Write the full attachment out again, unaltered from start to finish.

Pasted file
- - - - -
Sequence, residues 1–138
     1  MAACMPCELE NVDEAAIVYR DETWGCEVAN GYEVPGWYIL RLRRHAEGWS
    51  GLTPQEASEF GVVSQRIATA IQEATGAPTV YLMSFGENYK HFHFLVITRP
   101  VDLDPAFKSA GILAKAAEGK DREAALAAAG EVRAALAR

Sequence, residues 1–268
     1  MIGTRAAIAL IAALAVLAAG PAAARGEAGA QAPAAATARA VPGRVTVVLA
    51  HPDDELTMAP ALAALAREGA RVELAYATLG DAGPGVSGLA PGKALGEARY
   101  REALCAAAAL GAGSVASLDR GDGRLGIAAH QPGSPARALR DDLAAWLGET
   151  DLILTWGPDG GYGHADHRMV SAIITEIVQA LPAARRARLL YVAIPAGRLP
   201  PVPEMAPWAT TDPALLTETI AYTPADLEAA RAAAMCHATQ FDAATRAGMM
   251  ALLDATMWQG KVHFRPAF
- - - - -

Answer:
Sequence, residues 1–138
     1  MAACMPCELE NVDEAAIVYR DETWGCEVAN GYEVPGWYIL RLRRHAEGWS
    51  GLTPQEASEF GVVSQRIATA IQEATGAPTV YLMSFGENYK HFHFLVITRP
   101  VDLDPAFKSA GILAKAAEGK DREAALAAAG EVRAALAR

Sequence, residues 1–268
     1  MIGTRAAIAL IAALAVLAAG PAAARGEAGA QAPAAATARA VPGRVTVVLA
    51  HPDDELTMAP ALAALAREGA RVELAYATLG DAGPGVSGLA PGKALGEARY
   101  REALCAAAAL GAGSVASLDR GDGRLGIAAH QPGSPARALR DDLAAWLGET
   151  DLILTWGPDG GYGHADHRMV SAIITEIVQA LPAARRARLL YVAIPAGRLP
   201  PVPEMAPWAT TDPALLTETI AYTPADLEAA RAAAMCHATQ FDAATRAGMM
   251  ALLDATMWQG KVHFRPAF